OLD BONES - SVP'S BLOG

Taphonomy is broadly defined the study of those processes that act on an organism between death and fossilization. Such processes might include breakage and disarticulation due to weathering, scavenging, and trampling, and transportation due to water currents, among many others. Turner (2007) characterized taphonomic processes as information-destroying by nature, and I can certainly understand where he’s coming from. If you&rsq... Read More
Posted: 7/4/2016 11:47:56 AM by mallonjordanadmin | with 0 comments
I have a strong love for zoos, dating to my toddler years when we would visit ours in Memphis, Tennessee.  Though the role of zoos has evolved from simply showing animals to research, education, and conservation, I always delighted in seeing organisms that I wouldn’t run into in the backyard, with the exception of the bovines, where my simplistic child’s mind was terrified that the bull would charge our red tote bag ... Read More
Posted: 6/28/2016 2:51:36 PM by allisonbeckadmin | with 0 comments
Everyone knows about dinosaurs, and most people who dig deeper quickly learn about the two major groups of dinosaurs: saurischians and ornithischians. Saurischians include the long-necked sauropods such as Apatosaurus, often fearsome theropods like Tyrannosaurus, and of course today's birds. Ornithischians were plant-eaters, with such classics as thumb-spiked Iguanodon, three-horned Triceratops, and the plated Stegosaurus. Both g... Read More
Posted: 6/27/2016 9:00:00 AM by andyfarkeadmin | with 0 comments
The success of dinosaurs, and all other vertebrates for that matter, was and is predicated on sexual reproduction. In most cases, male and female individuals in a population of a particular species must come together and mate. There are some exceptions – for example, some populations of lizards are all females but can reproduce through a process known as parthenogenesis (Gilbert, 2010). But can you tell males from females in th... Read More
Posted: 6/20/2016 12:01:00 AM by matthewbonnanadmin | with 0 comments
I recently returned from fieldwork in Bolivia, and although I am a paleontologist, our team’s focus wasn’t fossils. Rather, we were collecting other types of data to allow us to understand the exact ages of fossils from the site and the environments in which those fossils were preserved. This contextual information is just as important as the fossils themselves, as it makes it possible to integrate information from many f... Read More
Posted: 6/19/2016 7:16:37 AM by croftdarinadmin | with 0 comments
Striking news has appeared recently in the media coverage around the world about fossils discovered in Chile: Chilesaurus, a bizarre midsize herbivorous theropod dinosaur with combined ornithopod and sauropod characteristics (Novas et al. 2015), and an ichthyosaur cemetery uncovered by the regression of the Tyndall glacier (Stinnesbeck et al. 2015), just to name two examples.   Something remarkable is going on in this long, ... Read More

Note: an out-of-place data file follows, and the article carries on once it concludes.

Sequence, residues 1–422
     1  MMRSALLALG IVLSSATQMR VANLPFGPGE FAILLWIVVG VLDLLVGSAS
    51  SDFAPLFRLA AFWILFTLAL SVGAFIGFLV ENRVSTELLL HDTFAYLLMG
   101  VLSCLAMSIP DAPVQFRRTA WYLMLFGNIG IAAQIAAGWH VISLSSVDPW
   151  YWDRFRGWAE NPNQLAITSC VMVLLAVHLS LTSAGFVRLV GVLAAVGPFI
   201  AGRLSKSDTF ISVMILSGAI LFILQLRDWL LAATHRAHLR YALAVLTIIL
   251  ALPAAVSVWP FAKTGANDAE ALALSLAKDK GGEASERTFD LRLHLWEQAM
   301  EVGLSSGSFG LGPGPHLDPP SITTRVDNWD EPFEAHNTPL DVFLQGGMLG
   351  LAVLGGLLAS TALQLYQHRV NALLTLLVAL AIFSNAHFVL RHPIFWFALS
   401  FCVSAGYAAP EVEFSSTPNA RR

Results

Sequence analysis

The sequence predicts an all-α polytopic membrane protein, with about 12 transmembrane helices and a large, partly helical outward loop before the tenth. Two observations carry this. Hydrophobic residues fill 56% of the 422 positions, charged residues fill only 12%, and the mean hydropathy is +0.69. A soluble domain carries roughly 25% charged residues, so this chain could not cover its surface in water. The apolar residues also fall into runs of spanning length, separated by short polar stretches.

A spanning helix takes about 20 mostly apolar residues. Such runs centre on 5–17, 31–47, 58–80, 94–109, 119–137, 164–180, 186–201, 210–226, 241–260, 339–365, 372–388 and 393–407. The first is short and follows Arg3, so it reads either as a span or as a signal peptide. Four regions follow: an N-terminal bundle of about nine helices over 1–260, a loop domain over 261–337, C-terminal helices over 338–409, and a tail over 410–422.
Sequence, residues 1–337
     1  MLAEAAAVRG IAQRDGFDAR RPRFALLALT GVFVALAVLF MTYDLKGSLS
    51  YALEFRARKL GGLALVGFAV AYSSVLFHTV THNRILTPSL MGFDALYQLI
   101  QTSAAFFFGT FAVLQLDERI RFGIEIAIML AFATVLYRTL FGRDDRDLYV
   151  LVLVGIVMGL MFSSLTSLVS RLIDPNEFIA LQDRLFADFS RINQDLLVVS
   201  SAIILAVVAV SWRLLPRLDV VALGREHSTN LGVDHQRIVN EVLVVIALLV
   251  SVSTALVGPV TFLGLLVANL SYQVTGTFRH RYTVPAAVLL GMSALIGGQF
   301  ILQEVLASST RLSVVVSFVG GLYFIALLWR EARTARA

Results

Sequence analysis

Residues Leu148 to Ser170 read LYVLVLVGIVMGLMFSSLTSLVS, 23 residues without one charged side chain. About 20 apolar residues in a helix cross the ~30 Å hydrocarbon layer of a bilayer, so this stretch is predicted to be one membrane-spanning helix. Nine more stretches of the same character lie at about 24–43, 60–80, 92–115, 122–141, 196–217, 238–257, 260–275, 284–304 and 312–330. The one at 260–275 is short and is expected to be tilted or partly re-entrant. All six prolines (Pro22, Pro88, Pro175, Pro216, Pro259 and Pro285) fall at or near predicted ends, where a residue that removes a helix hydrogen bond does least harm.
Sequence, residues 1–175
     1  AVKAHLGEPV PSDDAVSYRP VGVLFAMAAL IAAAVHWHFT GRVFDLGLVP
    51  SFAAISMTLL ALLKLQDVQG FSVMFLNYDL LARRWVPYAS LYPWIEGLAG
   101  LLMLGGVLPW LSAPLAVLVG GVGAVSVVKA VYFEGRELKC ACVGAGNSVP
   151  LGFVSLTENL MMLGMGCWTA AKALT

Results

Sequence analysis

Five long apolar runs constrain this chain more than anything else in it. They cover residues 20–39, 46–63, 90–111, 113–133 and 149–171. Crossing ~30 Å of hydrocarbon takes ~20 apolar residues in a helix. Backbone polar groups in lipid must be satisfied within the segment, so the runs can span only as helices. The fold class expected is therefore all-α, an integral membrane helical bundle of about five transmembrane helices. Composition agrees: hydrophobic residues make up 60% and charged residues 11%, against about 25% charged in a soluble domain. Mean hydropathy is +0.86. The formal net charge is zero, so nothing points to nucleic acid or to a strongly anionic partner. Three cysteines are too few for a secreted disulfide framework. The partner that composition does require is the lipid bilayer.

Posted: 5/13/2016 7:25:49 AM by croftdarinadmin | with 0 comments
Giving advice often comes out sounding hollow or self-serving, but if I may be so bold, I’d like to give some hope to young people considering a career in vertebrate paleontology or, in fact, any of the basic sciences in general. My message is simple: you have choices. Telling your parents you want to pursue a career in vertebrate paleontology is considered cute and curious when you’re 5 years old, but if you’... Read More
Posted: 5/9/2016 12:05:00 AM by matthewbonnanadmin | with 0 comments
      It’s National Volunteer Week here in Canada, a time to recognize the tens of millions of volunteers who give their time freely to support our various organizations. Here at the Canadian Museum of Nature (CMN), we engage roughly 250 volunteers presently, eight of which work in Palaeobiology. I thought I’d take this chance to pay a brief tribute to our volunteers and the many great things th... Read More
Posted: 4/12/2016 3:56:27 PM by mallonjordanadmin | with 0 comments
One of the most dangerous myths about being a paleontologist--indeed, one that even is perpetuated by some paleontologists--is that we have no time or use to engage outside of our immediate profession. Time not spent doing research is time wasted. This attitude might work well for short-term publication output, but it is a recipe for long-term disaster. As professionals, we have an obligation to step out of the quarry, step out of th... Read More
Posted: 4/8/2016 5:47:31 PM by andyfarkeadmin | with 0 comments
I had never heard of the Tully monster (Tullimonstrum gregarium) before moving to Chicago for graduate school. But after spending several years studying at the Field Museum, I became a Tullimonstrumophile like everyone else in Illinois. (It was named the state fossil in 1989). However, neither I nor anyone else knew what type of monster it actually was: an early relative of backboned animals? something more closely related to snails ... Read More
Posted: 3/24/2016 11:56:59 AM by croftdarinadmin | with 0 comments
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